• Recently it has been proposed to produce a hypereutectic aluminium-silicon alloy by a rapid solidification method. According to this method a hypereutectic aluminium-silicon alloy with refined primary silicon particles can be obtained, even if it contains 20% by weight or more of silicon. In this case, the improvement of the machinability is satisfactory to a certain extent, but the improvement of the mechanical properties is limited. The addition of the modifier for refining the primary silicon particles does not improve the mechanical properties to a satisfactory extent.
  • We have found that the reason there is an insufficient improvement in the mechanical properties, especially the mechanical strength, of the hypereutectic aluminium-silicon alloy produced by a powder metallurgy technique even if the modifier for refining the primary silicon particles is added in an adequate amount is because there is also present more than 0.03% by weight of calcium as an impurity. The calcium is derived from the aluminium and silicon raw materials.
  • The present invention provides a hypereutectic aluminium-silicon alloy obtainable by a powder metallurgy technique which comprises 12 to 50% by weight of silicon, 0.01 to 0.05% by weight of phosphorus, and, optionally, 1.0 to 5.0 % by weight of copper, 0.5 to 2.0 % by weight of magnesium and/or 0.2 to 2.0 % by weight of manganese, the content of calcium as an impurity being 0.03% by weight or less, the balance being Al and incidental impurities.
  • The present invention further provides a process for the preparation of a hypereutectic aluminium-silicon alloy as defined above which comprises subjecting appropriate amounts of aluminium, silicon and a phosphorus-containing modifier for refining the primary silicon particles to a powder metallurgy technique, the calcium content of the raw materials being such that the alloy comprises 0.03% by weight or less of calcium.
  • The present invention additionally provides a process for the preparation of a consolidated product which comprises subjecting a hypereutectic aluminium-silicon alloy as defined above to cold shaping followed by hot working while heating in air or an inert gas.
  • The hypereutectic aluminium-silicon alloy of the present invention comprises well refined primary silicon particles and has excellent machinability and mechanical properties.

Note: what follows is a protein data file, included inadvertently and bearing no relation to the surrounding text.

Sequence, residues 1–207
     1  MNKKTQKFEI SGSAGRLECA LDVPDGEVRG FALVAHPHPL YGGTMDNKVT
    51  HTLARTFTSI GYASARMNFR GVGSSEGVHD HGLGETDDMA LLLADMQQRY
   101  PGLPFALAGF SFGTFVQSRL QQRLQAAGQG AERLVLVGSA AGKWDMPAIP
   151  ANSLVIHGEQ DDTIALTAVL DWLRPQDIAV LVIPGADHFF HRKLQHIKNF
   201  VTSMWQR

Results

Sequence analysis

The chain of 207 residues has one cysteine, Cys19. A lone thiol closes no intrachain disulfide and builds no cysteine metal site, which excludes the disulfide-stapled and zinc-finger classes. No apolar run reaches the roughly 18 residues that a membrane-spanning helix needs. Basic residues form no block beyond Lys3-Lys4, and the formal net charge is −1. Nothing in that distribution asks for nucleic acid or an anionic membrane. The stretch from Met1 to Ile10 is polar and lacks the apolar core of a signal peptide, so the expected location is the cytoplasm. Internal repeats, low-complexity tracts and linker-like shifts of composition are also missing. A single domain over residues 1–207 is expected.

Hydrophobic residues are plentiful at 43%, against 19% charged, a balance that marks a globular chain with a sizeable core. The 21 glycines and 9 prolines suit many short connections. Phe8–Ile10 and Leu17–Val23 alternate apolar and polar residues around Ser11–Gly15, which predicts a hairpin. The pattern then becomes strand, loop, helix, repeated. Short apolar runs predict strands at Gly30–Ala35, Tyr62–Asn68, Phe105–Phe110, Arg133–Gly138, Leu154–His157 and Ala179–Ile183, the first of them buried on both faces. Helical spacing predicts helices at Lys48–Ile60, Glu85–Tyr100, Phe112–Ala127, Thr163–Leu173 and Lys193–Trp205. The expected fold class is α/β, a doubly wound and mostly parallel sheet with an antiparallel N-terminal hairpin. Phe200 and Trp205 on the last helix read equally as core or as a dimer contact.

• The hypereutectic aluminium-silicon alloy of the present invention comprises 12 to 50% by weight of Si. When the Si content is less than 12% by weight, the primary Si particles are not crystallized. On the other hand, when it is above 50% by weight, the amount of primary Si particles is too great. Thus the machinability and the mechanical strength are poor, even if the primary Si particles are well-reined. The preferred Si content is 20 to 30 % by weight.
  • The hypereutectic aluminium-silicon alloy of the present invention contains 0.01 to 0.05 % by weight of P. P is contained so as to refine the primary Si particles. Thus a hypereutectic aluminium-silicon alloy with uniform dispersion of the well-refined primary Si particles is obtained. When the P content is less than 0.01 % by weight, the refinement of the primary Si particles is not good and therefore coarse primary Si particles are observed and the improvement in the machinability is not satisfactory. On the other hand, when it is above 0.05 % by weight, the primary Si particles cannot be further refined. The preferred P content is 0.015 to 0.05%, especially 0.02 to 0.05 %, by weight.
  • In the hypereutectic aluminium-silicon alloy of the present invention, the content of Ca as impurity is controlled to 0.03 % by weight or less. When the Ca impurity is contained in an amount of above 0.03 % by weight in the hypereutectic aluminium-silicon alloy containing the above-defined amounts of Si and P, the improvement of the mechanical properties, especially the mechanical strength,is not satisfactory. This is shown in the Examples given hereinafter. Preferably, the Ca content is controlled to 0.01 % by weight or less.